16For I am not ashamed of the gospel; it is the power of God for salvation to everyone who has faith… (Romans 1:16)
I’d just witnessed a miracle. I’d shared the gospel story and asked Jane if she wanted to become a follower of Jesus. The confusion and angst that had hung on her face relaxed. She looked up. “Yes,” she said.
What had happened? One minute Jane was peppering me with questions, wrestling with the gospel story. The next minute she believed. Over time she would come to be baptized, join the community, and share her story with others.
The power that brings freedom
Paul says that the gospel is the power of God for salvation. The word literally means deliverance, release, or preservation. The faith that began to rise up in Jane as she heard the gospel story and believed is a sign of salvation. The gospel we proclaim is the power for salvation. What is salvation anyway, and why do we need it?
Paul describes the problem in Romans 1:18 – 32. We do not live in truth and harmony with the world and one another because of our idolatry. When we put ourselves, or any other created thing, in the place of God the result is personal, social, and spiritual disintegration. Despite the fact that we all experience the deception, destruction, and disintegration that stems from our idolatry, we’re trapped in a closed system. Even knowing it’s wrong… we’re stuck. “They know God’s decree, that those who practice such things deserve to die – yet they not only do them but even applaud others who practice them.”
Salvation describes God breaking into this closed system and setting people free. Those who hear and respond to the call of the gospel become free from the prison of idolatry, deception, spiritual, and moral disintegration. Those who hear and respond to the gospel are set free for the liberating and humanizing purposes of God in the world. God’s good news sets people free, restores right worship, and sends them to work for the liberation of others.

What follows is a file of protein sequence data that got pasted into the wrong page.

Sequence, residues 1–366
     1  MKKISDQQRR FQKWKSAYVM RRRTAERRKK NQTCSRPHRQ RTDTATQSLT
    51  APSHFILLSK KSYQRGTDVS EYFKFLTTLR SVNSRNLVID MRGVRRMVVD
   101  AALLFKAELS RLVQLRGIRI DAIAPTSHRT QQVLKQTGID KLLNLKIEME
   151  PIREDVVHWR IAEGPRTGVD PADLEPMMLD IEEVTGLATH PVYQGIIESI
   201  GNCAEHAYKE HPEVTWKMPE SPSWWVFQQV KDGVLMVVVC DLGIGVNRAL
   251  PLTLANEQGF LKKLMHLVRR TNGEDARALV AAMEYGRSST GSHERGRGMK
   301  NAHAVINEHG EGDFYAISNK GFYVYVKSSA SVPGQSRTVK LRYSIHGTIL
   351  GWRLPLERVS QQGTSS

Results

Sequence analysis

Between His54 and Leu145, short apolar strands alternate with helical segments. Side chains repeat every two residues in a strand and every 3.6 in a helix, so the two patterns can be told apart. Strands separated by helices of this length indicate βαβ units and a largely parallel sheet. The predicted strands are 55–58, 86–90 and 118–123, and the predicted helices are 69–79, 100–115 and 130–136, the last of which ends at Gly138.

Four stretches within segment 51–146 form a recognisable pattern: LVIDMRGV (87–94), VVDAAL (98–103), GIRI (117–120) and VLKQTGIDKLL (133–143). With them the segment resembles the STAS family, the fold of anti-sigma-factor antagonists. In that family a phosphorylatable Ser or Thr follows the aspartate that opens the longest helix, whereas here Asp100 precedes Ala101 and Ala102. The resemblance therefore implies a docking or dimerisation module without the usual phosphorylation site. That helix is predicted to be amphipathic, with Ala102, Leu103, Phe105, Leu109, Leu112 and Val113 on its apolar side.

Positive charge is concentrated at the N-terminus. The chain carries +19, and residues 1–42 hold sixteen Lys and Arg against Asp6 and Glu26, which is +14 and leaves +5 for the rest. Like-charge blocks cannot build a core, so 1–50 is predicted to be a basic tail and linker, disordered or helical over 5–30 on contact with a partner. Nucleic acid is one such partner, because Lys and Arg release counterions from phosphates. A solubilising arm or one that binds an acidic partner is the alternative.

What does freedom look like?
Freedom is a big deal on campus. And yet, the truth is that most people on campus aren’t free. Students are under tremendous pressure to succeed socially and academically. Celebrating freedom looks at first like the big freshman (or frat) party, but quickly disintegrates into the hangover of isolation, anxiety, dislocation, and despair. Faculty promotes free thought and study, but are themselves subject to huge pressure to perform, publish, and gain popularity. Our mission field has placed all kinds of things in the place of God and is locked in a rapidly disintegrating web.
“For I am not ashamed of the gospel; it is the power of God for salvation…”
What if communities of truly free people started growing all over campus? What if the distinguishing characteristic of our witness was freedom? What if our passion for proclaiming the message about Jesus was rooted in the true freedom we experienced and longed to pass on to others?
God’s gospel is the power for salvation for your campus. Will you celebrate it and share it? When we do, we witness miracles.
Question: What kinds of freedom do you long to see people experience on campus? Share your thoughts in the comments.